Thursday, July 25, 2013
For what it's worth, I find it tragic that an unarmed seventeen year old was shot at least in part because he was followed by a neighborhood watch volunteer for being black. At the same time, I'd like to think that a jury dedicated to determining the facts of the case could take the details presented and interpret justice accordingly.
Regardless of anyone's opinion, racial, legal or otherwise... we are still left with the reality that racial issues did not die with the Emancipation Proclamation or the Civil Rights Movement. However, while I have heard of these racial tensions experienced in other communities and races, I feel immune. After all, I'm a white male living in suburbia with relatively homogenous surroundings. I'd like to think Trayvon Martin would not have died in my neighborhood, but that's mostly because he doesn't exist here. No one would suspect a white seventeen year old walking through a neighborhood at night of anything more than toilet papering the house of one of his classmates whether he is wearing a hoodie or not. The outcry for a white Trayvon Martin would be unsupressable, but again the parents of white Trayvon Martin don't worry about him getting into a fight or shot on a neighborhood street. So I've felt immune to the entire ordeal, or at least I did until I looked across my living room.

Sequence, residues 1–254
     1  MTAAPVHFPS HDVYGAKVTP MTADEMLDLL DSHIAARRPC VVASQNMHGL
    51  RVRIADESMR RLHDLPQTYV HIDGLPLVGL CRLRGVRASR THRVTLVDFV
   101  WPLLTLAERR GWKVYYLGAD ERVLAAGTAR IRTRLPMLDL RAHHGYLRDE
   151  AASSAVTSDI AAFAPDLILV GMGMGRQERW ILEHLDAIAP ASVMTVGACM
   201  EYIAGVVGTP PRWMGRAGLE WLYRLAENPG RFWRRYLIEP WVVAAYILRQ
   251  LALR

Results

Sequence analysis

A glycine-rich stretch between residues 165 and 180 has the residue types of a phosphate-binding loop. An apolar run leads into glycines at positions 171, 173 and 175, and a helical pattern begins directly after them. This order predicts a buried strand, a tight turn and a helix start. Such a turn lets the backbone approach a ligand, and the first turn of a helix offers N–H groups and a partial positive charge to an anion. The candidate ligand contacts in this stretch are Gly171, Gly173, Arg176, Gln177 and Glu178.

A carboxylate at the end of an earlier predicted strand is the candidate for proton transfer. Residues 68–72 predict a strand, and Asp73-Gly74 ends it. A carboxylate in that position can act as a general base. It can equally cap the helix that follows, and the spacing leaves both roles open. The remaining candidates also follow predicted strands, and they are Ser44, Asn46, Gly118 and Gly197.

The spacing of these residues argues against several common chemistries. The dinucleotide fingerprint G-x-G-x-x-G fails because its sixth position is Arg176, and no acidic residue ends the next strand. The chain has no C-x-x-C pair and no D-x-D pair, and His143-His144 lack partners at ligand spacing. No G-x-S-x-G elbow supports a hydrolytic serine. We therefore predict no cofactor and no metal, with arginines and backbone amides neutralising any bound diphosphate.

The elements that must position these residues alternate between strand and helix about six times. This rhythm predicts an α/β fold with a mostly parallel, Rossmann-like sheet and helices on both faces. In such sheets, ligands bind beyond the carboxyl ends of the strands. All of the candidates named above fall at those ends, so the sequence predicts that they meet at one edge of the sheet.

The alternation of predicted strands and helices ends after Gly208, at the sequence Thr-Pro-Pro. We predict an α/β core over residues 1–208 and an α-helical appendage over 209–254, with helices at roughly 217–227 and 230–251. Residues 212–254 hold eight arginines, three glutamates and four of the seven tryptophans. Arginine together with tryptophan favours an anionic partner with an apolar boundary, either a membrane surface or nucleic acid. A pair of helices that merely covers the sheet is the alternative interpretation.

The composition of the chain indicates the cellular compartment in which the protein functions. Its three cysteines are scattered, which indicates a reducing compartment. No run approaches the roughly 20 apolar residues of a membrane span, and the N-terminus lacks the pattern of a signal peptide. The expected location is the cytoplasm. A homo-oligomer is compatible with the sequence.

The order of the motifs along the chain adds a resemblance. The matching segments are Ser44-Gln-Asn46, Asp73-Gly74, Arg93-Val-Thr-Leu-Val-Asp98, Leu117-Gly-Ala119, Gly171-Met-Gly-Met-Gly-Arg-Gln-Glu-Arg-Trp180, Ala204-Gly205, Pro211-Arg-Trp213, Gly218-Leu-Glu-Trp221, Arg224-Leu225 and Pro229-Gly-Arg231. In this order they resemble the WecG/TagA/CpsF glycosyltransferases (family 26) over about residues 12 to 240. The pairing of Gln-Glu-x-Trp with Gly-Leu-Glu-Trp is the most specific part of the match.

Across my living room sit three hispanic children, ages 4 to 6, and an Ethiopian teenager. I had been told transracial adoption would require me to change my preconceptions, but racial profiling was not one I considered. I thought I'd be challenged to help my children retain their cultural heritage through foods, language and clothing. In my mind, no one would degrade them because of the color of their skin because they were mine. I am a white, middle-class American, so they would be treated like white, middle-class Americans. I don't ever fear someone calling me names or looking at me wrong outside of the fact that I have a large, multi-ethnic family which warrants some confused stares and curious questioning at times. But when adults or other children see my children apart from me, they don't see me, and more importantly, when my children look in the mirror... they don't see me either.
The world is not colorblind. My children are not colorblind. But I have been.
And now in the wake of Zimmerman's trial, I'm forced to reconcile my felt immunity with the reality of life and the experiences my children will certainly endure. In my teenage daughter's Spring semester of school, several weeks of racial conflict took place in the underpinnings of high school society among her classmates. A group of white students chose to target black students, and the bigotry ensued. When she told me about it, I was outraged at the idea that anyone would call my daughter the N word. They hadn't although it had been directed at some of her friends. But, the very possibility of it had me ready and willing to fight for her dignity. In the eyes of these white students, they didn't see me when they saw my daughter... they saw her and her black friends. My daughters and sons aren't immune.